Aug. 16, 2011 -- Fat packed around the heart may predict narrowed arteries, even in people who have don't have symptoms of heart disease, a new study shows.
Studies suggest that where people tend to store their extra calories as fat may be at least as big a threat to health as how much total fat they have.
There's mounting evidence that people who are genetically programmed to store fat in the area around the heart and under the breastbone in the chest, where it sits in close proximity to the heart, may face a higher risk of heart disease compared to people who store fat in other areas.
The new study, which is published in the journal Radiology, used specialized imaging techniques to measure fat that surrounds the heart in 183 men and women.
The scans were also able to see the beginnings of plaques, or blockages, in the coronary arteries, the vessels that carry blood to the heart muscle.
Researchers found that the amount of fat stored around the heart and in the chest was a stronger predictor of the heart's health than overall size or the amount of belly fat a person had.
"If you look at the fat around their hearts, it is better at predicting the disease than the fat in the stomach or other areas that we traditionally look at," says study researcher David A. Bluemke, MD, PhD, director of radiology at the National Institutes of Health Clinical Center in Bethesda, Md.
Fatty tissue releases inflammatory chemicals that may speed the development of atherosclerosis, says study researcher Jingzhong Ding, PhD, an associate professor of internal medicine and geriatrics at the Wake Forest University School of Medicine, in Winston-Salem, N.C.
"We think that the fat, because it releases lots of these different kinds of chemicals, has a detrimental effect on surrounding organs and tissues," Ding tells WebMD.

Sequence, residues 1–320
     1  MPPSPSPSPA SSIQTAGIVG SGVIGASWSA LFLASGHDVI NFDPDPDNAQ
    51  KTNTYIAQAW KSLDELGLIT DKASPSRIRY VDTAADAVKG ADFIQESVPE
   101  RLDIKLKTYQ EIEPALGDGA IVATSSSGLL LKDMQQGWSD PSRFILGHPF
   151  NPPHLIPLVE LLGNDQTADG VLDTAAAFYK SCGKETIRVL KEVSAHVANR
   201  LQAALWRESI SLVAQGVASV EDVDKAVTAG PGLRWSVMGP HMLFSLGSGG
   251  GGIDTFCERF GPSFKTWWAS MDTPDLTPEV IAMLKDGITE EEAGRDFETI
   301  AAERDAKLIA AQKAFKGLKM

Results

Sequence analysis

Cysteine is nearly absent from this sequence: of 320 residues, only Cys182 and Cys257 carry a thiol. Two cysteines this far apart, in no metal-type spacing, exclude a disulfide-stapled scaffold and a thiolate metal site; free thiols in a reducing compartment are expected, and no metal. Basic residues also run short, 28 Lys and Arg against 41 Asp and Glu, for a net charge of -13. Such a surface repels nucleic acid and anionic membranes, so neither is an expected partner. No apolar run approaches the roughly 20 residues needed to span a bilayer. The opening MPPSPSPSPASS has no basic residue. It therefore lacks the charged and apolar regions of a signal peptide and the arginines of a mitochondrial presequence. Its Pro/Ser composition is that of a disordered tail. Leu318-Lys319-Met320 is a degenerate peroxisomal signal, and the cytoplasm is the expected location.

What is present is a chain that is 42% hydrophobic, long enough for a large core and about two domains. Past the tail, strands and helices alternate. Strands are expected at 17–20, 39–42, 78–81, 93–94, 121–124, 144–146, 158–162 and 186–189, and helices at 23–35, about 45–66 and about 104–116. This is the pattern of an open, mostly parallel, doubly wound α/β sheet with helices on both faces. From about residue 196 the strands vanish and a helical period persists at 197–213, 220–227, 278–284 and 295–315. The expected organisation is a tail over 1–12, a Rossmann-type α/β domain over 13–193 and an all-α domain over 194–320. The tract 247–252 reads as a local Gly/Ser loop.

For the study, which was funded by the National Heart Lung and Blood Institute, researchers recruited middle-aged adults who had never been diagnosed with heart disease.
The average age of people in the study was 61. Their average body mass index (BMI), a measure of weight and height, was about 28. The average waist size was 39 inches for men and 35 inches for women.
Using cardiac magnetic resonance imaging scans (cardiac MRI) and computed tomography (CT) scans, researchers found that the more fat a person had in their chest, the more abnormal their arteries looked.
That relationship persisted, even when researchers subtracted the influence of other factors, like BMI, waist size, and coronary artery calcium scores.
But the link between chest fat and heart disease was stronger for men than for women.
Researchers say that may be because estrogen protects most women from developing heart disease until after menopause.
"The development of coronary artery disease in women usually takes about 10 years longer," Bluemke says. "At a particular age range, men will be more advanced."
He says further research, with more refined imaging techniques, will be needed to demonstrate the same relationship in women.
Until researchers know more, people who are worried about their risk of heart disease may take comfort in the results of another small study, which found that overall weight loss may help reduce chest fat, too.
The study, published in May in Medicine & Science in Sports & Exercise, found that 32 women who lost weight over five months lost about 17% of the fat around their hearts, whether they did it with diet alone or diet and exercise.